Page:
Some more opportunities presented themselves before us in the form of paragliding, bungee jumping – she wanted to do them all. Infact, she went ahead and did paragliding. We let her do since it was safe to go with the coach. But, not bungee of course.
John Holt cannot be debated on the words above. Children are born fearless. It's very likely that we elders rub off our fears, doubts and mistrust on to them.
While we must absolutely ensure their safety; it must not be at the cost of instilling a life-long fear and self-doubt leading to end of exploration.
John Holt also says –
When a child is fearful of something, "a part of her curiosity about the world and her trust in it has been shut off. Who can tell when it will turn on again".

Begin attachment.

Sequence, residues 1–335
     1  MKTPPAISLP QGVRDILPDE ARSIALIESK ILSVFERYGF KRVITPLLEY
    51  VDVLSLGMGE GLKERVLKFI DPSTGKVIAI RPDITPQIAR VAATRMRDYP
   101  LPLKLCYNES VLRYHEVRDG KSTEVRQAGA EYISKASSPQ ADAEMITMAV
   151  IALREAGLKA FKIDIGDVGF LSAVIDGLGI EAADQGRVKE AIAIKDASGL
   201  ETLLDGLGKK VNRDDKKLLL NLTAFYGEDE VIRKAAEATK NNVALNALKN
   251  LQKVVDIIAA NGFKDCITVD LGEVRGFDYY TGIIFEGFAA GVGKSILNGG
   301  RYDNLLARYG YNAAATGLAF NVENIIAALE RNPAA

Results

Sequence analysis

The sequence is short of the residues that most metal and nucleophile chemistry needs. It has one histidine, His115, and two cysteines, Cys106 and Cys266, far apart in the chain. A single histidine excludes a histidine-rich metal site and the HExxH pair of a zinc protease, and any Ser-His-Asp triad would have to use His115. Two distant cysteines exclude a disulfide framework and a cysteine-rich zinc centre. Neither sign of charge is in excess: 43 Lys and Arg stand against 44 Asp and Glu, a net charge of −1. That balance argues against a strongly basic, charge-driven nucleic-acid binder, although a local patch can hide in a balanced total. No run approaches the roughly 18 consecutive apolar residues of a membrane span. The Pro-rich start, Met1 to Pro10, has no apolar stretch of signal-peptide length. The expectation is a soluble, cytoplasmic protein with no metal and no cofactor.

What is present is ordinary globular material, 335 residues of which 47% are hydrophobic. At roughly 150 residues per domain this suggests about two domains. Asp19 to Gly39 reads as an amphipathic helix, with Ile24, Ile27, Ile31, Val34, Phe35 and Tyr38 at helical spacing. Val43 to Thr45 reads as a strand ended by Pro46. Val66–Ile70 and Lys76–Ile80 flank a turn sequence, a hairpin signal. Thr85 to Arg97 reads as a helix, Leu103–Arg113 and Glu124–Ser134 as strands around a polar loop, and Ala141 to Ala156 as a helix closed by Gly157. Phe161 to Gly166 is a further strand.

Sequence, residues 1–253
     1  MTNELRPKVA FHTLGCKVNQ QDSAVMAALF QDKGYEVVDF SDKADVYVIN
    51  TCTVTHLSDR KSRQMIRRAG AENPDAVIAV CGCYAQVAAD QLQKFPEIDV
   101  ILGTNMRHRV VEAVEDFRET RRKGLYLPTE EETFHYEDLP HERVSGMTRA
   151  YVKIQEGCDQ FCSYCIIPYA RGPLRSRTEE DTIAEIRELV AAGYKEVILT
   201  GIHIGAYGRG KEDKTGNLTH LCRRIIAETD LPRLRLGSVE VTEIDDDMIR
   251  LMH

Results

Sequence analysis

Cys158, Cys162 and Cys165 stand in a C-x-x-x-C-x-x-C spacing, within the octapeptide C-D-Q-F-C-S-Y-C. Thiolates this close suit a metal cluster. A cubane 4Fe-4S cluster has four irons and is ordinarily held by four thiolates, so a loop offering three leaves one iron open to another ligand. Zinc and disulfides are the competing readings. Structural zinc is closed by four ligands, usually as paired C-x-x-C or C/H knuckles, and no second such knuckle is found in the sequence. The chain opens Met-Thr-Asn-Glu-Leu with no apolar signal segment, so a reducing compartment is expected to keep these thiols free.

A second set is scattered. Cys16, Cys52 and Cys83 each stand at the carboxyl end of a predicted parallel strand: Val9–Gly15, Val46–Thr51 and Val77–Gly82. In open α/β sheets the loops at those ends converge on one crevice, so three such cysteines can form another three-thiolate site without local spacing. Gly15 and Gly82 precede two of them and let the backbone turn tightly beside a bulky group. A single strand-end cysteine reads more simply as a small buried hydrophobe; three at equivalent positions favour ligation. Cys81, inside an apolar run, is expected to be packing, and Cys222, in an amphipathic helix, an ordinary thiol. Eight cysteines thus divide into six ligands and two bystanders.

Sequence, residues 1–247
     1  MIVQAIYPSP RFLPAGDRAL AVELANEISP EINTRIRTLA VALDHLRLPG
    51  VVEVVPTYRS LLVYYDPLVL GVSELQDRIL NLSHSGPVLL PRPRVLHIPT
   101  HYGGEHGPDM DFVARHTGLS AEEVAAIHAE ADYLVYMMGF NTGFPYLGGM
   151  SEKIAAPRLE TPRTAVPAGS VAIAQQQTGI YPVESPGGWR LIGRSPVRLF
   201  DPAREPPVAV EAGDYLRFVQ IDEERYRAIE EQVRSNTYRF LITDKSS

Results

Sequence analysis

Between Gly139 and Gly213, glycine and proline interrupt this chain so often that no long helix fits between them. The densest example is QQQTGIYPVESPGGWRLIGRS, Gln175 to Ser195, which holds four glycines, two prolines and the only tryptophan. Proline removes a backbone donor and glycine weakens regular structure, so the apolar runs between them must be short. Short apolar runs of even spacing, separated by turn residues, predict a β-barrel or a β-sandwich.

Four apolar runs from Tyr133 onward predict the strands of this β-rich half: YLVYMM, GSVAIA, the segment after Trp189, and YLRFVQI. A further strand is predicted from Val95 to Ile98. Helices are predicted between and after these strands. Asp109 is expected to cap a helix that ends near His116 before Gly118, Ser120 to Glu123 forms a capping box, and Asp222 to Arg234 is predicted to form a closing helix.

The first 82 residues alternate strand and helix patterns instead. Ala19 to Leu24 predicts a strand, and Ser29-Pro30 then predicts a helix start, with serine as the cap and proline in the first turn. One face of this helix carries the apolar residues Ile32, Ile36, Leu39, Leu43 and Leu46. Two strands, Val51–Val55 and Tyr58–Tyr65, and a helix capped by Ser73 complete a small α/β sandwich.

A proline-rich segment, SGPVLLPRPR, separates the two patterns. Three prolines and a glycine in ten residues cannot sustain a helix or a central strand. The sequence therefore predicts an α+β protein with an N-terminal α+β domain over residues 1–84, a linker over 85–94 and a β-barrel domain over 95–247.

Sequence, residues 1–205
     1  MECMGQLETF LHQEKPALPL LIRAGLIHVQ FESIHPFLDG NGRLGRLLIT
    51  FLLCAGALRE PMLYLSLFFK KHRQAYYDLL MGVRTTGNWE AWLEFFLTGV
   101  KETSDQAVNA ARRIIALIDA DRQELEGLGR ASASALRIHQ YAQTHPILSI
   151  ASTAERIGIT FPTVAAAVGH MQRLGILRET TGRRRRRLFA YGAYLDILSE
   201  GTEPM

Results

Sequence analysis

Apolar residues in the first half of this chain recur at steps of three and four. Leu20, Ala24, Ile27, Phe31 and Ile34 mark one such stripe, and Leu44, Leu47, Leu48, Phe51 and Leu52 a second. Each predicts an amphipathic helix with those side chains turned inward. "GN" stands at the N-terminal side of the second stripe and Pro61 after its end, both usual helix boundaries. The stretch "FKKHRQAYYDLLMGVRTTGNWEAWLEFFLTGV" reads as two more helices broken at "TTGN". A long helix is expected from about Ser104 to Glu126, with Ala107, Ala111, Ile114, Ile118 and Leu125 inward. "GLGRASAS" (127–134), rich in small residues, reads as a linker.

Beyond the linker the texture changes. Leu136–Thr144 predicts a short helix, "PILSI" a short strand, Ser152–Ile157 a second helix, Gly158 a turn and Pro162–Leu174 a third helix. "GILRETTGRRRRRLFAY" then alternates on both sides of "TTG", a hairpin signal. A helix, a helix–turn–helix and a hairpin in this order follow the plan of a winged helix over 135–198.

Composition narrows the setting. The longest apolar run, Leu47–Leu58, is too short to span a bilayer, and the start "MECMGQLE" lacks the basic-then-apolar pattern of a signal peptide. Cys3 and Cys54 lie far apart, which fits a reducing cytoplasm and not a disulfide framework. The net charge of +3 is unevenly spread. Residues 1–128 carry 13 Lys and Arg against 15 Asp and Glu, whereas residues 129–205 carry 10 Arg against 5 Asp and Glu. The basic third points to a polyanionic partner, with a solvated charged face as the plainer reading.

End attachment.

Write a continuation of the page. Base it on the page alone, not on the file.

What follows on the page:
What's YOUR experience been like – regarding your own fears and your child's fears?
Have you ever felt that your child may have picked up a fear because of your own? Do you think you would like to alleviate those fears – the child's as well as yours?
As of me, besides cockroaches and lizards, as a teenager, I was fearful of what people would think if I did something and it did not turn out to be the best? It was never a good feeling though. I wanted to get rid of it. And, eventually, I did. Now, I can safely be my own self – complete with the defects – without mulling over who's thinking what.
Please share in your comments below and let's carry the discussion forward.
Sharing some posts that show us how children – if they are allowed to be – are the most courageous and curious souls!
I need help sustaining this blog…